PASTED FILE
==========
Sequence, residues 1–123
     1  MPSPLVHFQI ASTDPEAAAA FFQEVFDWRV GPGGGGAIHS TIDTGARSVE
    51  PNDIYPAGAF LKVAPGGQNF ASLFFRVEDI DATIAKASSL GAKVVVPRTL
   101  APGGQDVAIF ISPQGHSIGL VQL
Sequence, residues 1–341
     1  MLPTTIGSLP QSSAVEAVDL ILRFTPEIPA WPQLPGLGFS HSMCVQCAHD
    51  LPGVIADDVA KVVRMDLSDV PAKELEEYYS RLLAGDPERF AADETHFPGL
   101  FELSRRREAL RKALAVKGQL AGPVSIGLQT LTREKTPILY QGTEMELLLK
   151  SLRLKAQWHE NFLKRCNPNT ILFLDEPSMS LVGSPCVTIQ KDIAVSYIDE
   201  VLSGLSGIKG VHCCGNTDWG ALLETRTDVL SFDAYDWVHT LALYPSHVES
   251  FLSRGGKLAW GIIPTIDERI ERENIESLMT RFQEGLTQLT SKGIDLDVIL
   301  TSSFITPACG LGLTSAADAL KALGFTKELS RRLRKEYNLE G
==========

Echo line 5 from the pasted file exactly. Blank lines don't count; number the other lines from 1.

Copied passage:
Sequence, residues 1–341